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Wednesday, January 30, 2013

Book reviews from memory

I have this new idea, and it may not be my best one.

I want to review books I read as a kid. Without re-reading them.

Like I said -- maybe not the best idea I ever had.

Why would I want to do something so weird? Nostalgia, mostly, but also because I am curious about the elements of fiction that stick with you after a decade. (Yes, just a decade. Why are you casting that side-eye at me?)

The first book I hall review from memory is ... drumroll, please ...

The FLOWERS IN THE ATTIC series by V.C. Andrews.

Now, I've mentioned my experiences with Madam Andrews in the past (see here and here), but this is the first time I am going to attempt a recap/review ... oh gosh ... 17 years after I originally read it. (See, 17 years is just one decade. Hush your mouth.)

The summer after sixth grade, my best friend Ashleigh introduced me to FLOWERS IN THE ATTIC. (I suspect the devil himself introduced them to her.) We were scandalized at the concept--a man and women get married even though he's her half-uncle. They have four kids. The dad dies, and the mom (who apparently has never heard of sending out resumes or even just signing up for welfare) decides to go ask the parents who disowned her for money. She also wears a lot of negligees.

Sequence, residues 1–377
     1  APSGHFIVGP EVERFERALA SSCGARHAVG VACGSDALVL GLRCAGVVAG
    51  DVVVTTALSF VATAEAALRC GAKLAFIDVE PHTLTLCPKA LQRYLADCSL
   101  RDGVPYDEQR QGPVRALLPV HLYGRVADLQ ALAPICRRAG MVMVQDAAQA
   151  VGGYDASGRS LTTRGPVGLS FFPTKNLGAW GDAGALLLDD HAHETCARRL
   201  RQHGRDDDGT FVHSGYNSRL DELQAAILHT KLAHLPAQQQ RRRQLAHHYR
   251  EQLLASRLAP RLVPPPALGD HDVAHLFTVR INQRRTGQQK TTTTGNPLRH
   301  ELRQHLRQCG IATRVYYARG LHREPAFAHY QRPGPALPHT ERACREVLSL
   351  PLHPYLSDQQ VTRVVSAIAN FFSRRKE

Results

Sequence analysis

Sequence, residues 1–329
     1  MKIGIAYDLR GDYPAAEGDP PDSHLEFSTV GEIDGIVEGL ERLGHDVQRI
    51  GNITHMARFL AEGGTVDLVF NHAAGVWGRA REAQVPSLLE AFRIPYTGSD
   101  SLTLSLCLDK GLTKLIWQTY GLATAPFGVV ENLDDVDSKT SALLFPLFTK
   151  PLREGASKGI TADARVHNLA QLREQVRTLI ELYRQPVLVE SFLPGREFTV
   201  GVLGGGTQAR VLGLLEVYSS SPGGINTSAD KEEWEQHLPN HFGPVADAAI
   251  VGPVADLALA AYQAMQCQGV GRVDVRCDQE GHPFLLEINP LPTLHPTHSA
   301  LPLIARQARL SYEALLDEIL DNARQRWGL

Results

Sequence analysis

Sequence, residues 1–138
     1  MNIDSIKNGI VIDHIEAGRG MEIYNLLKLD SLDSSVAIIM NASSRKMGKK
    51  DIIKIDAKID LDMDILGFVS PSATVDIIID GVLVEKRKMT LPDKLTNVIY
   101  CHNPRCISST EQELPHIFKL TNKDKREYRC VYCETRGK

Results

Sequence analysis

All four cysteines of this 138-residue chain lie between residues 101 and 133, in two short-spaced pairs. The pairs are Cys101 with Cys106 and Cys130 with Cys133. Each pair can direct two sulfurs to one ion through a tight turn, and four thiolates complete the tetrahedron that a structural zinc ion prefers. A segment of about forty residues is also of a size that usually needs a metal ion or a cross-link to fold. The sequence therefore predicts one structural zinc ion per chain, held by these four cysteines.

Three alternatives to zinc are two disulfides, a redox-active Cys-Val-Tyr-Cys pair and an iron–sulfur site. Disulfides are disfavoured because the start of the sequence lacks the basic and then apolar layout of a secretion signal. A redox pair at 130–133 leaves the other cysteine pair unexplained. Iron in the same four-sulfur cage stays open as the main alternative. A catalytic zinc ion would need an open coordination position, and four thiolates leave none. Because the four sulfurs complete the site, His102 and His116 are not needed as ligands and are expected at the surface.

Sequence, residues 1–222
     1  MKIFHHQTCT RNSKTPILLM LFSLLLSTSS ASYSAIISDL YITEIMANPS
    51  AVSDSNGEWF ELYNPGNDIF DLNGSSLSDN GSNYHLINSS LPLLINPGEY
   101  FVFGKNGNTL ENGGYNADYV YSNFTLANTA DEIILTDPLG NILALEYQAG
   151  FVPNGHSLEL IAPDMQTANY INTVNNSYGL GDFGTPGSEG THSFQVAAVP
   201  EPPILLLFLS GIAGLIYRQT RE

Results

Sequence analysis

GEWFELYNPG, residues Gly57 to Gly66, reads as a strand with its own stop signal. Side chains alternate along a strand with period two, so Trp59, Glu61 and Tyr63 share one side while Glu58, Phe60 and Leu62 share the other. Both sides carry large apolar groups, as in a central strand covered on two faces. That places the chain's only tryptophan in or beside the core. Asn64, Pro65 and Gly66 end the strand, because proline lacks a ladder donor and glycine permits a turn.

Unfortunately, due to the incesty-nature of her relationship, Incest Mom has never told her parents about her four blonde babies. She asks the children if they will hide in the attic of her parents' mansion until she gathers the courage to let them know she's the mother of their granddaughter-nieces, grandson-nephews.

You can see where this is going, can't you? The mother tells the grandmother about the kids, but needs more time to break the news to her dad. More time stretches into two years, and suddenly the incest babies start developing some incesty feelings of their own.

Have I mentioned THIS is the cover?


Cathy, the oldest daughter, and Chris, the oldest son, eventually realize they need to find a way out of the attic, because their mom has clearly swapped them for her life of luxury. It only takes them two years for them to come to this conclusion. They come up with an elaborate plan where they steal the key to the attic from their mother (or grandmother), press it into a bar of soap, and intend to whittle a dummy key from the resulting mold.

At this point, I feel like it has to be acknowledged that they could have, ya know, used their rope ladder to climb out a window. (THEY HAD A ROPE LADDER.) Or just rushed the grandmother and raced for freedom, because there are four of them and one of her. Or just started screaming their guts out at odd hours and hoping the servants would hear them up in the attic. Whatever, their plan is unnecessarily elaborate, and that's what you need to know.

Before they can accomplish their brilliant plan, Chris gives in to his incesty and misogynisticy (and possible mother-lovey) feelings and rapes Cathy. She forgives him because she decides she could have stopped him if she wanted, which means she really did consent.